Step inside Chanel's Fine Jewellery atelier to see the step-by-step creation of its 'Tweed Royal' necklace

By Josefin Forsberg

Photo: Chanel

The director of the Chanel Fine Jewellery Creation Studio, Patrice Leguéreau, takes Vogue Scandinavia behind the scenes to witness the French Maison's unmatched savoir faire, epitomised by the 'Tweed Royal' necklace

Gabrielle Chanel's love affair with Great Britain established some of the French Maison's most recognisable design vernacular. She first discovered Scotland's gently rolling hills and valleys, swept by wind and sun, in the 1920s, during her love affair with the Duke of Westminster. During her visits, Chanel borrowed the Duke's tweed jackets, leading Chanel to embrace this warm, comfortable, woolly fabric – woven in countless different patterns by the Scots – and make it her own.


A century later, in 2020, tweed entered the world of Chanel jewellery when the French Maison introduced its first collection dedicated entirely to the Scottish fabric, reproducing its suppleness and subtleties through the skilful use of articulation.

Now, Patrice Leguéreau, director of the Chanel Fine Jewellery Creation, revisits the fabric for his latest collection, which features five new tweed jewellery weaves. Rendered in five different colours, the pieces are adorned with five icons dear to Gabrielle Chanel: the white ribbon, the pink camellia, the comet on a blue background, the yellow sun and the lion highlighted with flashes of red. "My dream was to create a tweed set with precious stones," says Leguéreau. "For this new High Jewelry collection dedicated to Tweed, I wanted to go further in the interpretation by creating a veritable fabric of precious stones that is light and supple."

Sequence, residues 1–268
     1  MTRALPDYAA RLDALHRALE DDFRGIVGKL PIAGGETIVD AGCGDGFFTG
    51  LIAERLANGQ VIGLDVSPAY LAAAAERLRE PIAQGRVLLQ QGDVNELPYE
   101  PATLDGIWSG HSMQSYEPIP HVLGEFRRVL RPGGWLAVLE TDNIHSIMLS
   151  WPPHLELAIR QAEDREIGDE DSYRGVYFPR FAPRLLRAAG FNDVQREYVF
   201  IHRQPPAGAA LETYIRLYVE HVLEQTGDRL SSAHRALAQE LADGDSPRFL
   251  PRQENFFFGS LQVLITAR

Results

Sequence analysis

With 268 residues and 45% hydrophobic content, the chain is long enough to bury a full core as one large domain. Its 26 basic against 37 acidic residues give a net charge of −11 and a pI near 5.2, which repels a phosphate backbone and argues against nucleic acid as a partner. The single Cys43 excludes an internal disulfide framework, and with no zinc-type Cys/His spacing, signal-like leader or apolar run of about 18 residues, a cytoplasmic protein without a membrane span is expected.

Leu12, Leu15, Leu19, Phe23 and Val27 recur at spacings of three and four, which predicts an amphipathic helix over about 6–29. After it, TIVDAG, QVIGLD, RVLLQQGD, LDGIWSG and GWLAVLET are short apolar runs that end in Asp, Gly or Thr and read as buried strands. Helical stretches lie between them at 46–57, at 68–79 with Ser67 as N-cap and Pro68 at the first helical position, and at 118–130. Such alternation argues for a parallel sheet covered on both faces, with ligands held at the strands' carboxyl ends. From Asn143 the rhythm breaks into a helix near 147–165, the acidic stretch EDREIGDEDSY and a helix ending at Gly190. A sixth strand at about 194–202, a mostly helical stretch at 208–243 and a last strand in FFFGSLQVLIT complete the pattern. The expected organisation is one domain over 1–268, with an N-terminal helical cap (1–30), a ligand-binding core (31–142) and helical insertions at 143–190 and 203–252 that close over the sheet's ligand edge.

Chanel's 'Tweed Royal' necklace.

There's an undeniable suppleness in the weave of gems, the settings – featuring minuscule hinges, rings and articulations – central in creating the fabric fluidity. Airy and textured, the glittering tweed is fringed and lightened, graphic and symmetrical to create a veritable textile of jewels. The mastery of materials that Chanel's atelier inhabits thoroughly re-creates the true-to-life fleecy, textured thickness of the British cloth. Its comfort and softness, meanwhile, are echoed in the work carried out specifically on the back of each piece.

Among the 63 news tweed-inspired designs, the 'Tweed Royal' set forms the centrepiece of the collection. Consisting of a necklace, bracelet and ring, the ruby embellished pieces frame the ferocious motif of a lion's head – inspired by Mademoiselle Chanel's star sign, Leo. The necklace itself is Intricately crafted and trimmed with a chain, the yellow gold weave of the plastron set with diamonds and an ensemble of rubies, the lion's head at its centre.

Below, discover the minute craftsmanship required to create this masterpiece:


Chanel's skilled artisans first make a resin maquette to create the full shape of the “Tweed Royal” necklace, following the intricate design laid out in both sketch and on the wooden bust.


Next, the artisans position the pavé-set elements on the design for the 'Tweed Royal' necklace, for example, the golden links emulating the tweed weave, followed by polishing


Chanel's artisans check and adjust the articulations with set elements and resin rubies on the design for the “Tweed Royal” necklace. The weave formation allows the necklace to take on a fabric-like fluidity.


The final assembly is marked by the positioning of the centre stone on the “Tweed Royal” necklace, placed carefully among the pavé-set elements.


Next, the 'Tweed Royal' necklace is dismantled and polished using traditional techniques.


Finally, the main motif of the 'Tweed Royal' necklace – the lion's head, inspired by Madmoiselle Chanel's star sign Leo – is made, pinned and assembled on the 'Tweed Royal' necklace.


The finished 'Tweed Royal' set features a yellow gold weave, intricately crafted and trimmed with a chain – set with diamonds and a magnificent ensemble of 37 rubies. The lion's head at its centre can be worn as a brooch or as a necklace on the plastron, while the magnificent 10.17 carats pear-cut diamond that adorns it, can be detached to be worn as a ring.